Eric Bay-Andersen on trends and the lack of originality in Hollywood…
At the beginning of this year I went to the cinema and saw a preview of all the big films coming out in 2016, and it really depressed me because almost every upcoming ‘event’ film was a sequel, a re-boot, or a prequel to the re-imagined spin-off of a TV show adaptation! It’s gotten to the point where I even get disheartened by book adaptations, which is silly I know because there are so many great published stories out there that are worthy of being adapted for the big-screen. I guess I just find it sad that most film-makers these days seem to look to the best-sellers list for their inspiration, rather than their own imagination. I mean, if a new book comes out and is a big success, then of course someone will make it into a film at some point, but originality in Hollywood is only going to thrive if big directors – like Steven Spielberg for example, whose last film based on an original screenplay was The Terminal over ten years ago (and even that was inspired by a real-life story) – use their clout and influence to get original films made.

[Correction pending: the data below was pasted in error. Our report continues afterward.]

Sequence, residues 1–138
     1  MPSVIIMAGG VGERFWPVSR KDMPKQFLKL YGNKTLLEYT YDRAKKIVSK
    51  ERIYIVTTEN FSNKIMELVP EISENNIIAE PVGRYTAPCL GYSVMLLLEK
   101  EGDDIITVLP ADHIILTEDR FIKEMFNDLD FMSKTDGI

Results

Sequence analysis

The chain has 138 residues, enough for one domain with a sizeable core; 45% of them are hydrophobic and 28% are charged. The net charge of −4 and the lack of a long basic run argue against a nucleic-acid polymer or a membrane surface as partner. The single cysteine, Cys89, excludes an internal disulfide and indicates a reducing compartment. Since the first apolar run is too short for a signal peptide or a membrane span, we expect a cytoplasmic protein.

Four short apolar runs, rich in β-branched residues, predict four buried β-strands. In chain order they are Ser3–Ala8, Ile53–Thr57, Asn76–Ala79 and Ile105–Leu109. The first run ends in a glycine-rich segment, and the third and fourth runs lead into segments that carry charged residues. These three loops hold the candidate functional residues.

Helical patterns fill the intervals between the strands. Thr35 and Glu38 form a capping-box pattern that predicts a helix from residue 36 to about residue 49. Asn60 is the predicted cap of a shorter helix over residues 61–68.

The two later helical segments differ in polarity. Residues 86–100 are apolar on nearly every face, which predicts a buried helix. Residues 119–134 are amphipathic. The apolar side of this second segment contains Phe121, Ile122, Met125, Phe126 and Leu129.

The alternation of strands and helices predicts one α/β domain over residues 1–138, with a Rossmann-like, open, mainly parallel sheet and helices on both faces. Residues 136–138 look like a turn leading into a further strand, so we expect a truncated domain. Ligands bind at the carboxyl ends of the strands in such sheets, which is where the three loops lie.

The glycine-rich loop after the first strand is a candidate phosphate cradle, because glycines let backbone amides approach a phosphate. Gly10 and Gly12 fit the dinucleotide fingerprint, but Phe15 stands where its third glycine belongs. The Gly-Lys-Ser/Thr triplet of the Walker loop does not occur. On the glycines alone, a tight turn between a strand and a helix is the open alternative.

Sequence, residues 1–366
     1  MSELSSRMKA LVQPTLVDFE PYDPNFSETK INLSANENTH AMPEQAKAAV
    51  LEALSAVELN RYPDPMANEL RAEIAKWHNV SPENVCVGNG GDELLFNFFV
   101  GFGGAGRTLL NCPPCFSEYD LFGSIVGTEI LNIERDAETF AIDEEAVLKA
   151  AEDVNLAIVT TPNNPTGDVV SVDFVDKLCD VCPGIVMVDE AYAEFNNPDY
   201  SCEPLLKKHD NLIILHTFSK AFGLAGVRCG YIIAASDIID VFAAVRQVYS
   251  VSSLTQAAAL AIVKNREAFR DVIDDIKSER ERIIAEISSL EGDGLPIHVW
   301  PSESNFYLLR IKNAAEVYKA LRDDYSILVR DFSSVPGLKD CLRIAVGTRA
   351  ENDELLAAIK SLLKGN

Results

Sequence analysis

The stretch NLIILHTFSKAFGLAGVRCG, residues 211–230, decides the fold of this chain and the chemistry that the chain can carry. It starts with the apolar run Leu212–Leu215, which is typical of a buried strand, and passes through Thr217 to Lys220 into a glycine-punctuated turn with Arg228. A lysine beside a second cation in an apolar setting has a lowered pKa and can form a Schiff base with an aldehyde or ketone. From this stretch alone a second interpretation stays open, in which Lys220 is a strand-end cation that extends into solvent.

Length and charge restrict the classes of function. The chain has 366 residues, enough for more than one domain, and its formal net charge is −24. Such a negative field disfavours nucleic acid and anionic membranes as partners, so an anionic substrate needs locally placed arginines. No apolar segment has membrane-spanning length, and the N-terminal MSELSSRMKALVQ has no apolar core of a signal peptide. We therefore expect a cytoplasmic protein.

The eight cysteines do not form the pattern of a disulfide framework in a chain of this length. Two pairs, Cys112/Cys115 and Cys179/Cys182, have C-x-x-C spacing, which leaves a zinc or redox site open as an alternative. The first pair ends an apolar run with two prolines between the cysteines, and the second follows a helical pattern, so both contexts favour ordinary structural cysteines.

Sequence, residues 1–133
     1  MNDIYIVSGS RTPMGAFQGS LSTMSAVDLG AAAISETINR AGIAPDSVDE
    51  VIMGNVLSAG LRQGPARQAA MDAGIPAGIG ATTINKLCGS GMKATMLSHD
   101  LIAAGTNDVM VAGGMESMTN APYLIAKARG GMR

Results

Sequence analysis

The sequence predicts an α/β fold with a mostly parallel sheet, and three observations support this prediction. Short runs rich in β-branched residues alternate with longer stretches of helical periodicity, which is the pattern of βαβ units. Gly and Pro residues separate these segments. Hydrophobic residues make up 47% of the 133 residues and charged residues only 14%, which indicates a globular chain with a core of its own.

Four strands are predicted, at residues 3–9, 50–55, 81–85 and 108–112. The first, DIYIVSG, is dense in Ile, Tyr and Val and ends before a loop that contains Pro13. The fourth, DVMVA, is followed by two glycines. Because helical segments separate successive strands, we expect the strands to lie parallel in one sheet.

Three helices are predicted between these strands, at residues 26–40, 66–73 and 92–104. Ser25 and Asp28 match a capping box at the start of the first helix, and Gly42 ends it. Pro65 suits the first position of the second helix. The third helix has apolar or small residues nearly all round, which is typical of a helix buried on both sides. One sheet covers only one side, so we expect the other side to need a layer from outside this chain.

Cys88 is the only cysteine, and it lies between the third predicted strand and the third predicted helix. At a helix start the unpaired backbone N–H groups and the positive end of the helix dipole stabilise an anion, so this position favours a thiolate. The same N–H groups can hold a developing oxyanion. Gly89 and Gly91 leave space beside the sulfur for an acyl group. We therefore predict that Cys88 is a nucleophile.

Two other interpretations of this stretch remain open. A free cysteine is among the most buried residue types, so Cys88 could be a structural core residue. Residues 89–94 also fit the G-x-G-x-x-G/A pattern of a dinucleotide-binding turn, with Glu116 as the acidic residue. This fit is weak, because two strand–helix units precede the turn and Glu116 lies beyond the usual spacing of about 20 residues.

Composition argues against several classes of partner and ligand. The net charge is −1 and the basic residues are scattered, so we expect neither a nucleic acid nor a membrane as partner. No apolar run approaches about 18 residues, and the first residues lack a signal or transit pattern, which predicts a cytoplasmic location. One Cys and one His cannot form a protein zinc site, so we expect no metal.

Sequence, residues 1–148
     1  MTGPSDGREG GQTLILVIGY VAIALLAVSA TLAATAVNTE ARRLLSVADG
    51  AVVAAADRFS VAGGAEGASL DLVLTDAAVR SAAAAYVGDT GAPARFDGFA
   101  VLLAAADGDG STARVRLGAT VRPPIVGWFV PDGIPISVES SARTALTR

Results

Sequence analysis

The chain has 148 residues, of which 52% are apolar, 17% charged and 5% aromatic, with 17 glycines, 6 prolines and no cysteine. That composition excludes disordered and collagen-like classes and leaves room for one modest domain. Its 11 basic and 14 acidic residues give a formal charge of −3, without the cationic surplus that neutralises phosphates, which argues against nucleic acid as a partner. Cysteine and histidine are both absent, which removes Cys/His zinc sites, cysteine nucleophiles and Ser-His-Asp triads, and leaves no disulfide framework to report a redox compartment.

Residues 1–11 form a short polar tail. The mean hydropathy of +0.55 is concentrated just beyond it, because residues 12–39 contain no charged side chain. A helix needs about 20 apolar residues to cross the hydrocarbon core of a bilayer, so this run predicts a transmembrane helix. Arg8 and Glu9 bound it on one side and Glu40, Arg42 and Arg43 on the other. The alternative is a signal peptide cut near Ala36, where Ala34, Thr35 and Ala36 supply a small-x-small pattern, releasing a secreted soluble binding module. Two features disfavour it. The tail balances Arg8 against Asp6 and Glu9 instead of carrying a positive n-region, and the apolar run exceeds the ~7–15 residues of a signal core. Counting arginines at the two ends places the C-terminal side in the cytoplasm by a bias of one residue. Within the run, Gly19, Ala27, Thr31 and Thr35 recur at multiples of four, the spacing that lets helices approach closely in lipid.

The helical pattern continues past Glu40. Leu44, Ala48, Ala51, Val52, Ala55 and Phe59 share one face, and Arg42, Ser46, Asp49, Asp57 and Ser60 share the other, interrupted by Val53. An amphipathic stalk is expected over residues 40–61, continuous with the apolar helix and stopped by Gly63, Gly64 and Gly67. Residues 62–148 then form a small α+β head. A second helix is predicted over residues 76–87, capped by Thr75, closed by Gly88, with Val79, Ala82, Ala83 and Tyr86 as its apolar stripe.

Of course, a film isn’t automatically bad because it’s based on something that already exists – there are plenty of great adaptations of books and real-life stories made each year, and usually a few good sequels and remakes too. It’s the lack of bravery I find depressing. That being said, I completely understand why studios look for titles with brand recognition – if you’re sinking $200m into making a blockbuster, you want to off-set that risk by making something with a built-in audience; a concept that people will recognise and don’t need explained to them. But more often than not, these films end up being generic and boring, full of “wink-wink, nod-nod, did you catch that not-so subtle reference to the previous incarnation of this thing”? Studios also try to capitalise on trends, making it clear in the trailers that their upcoming film is just like that one from last year that you all loved so much (“from the producers of…”). Here are a few examples of films from the last 20 years which, for better or worse, inspired trends in Hollywood…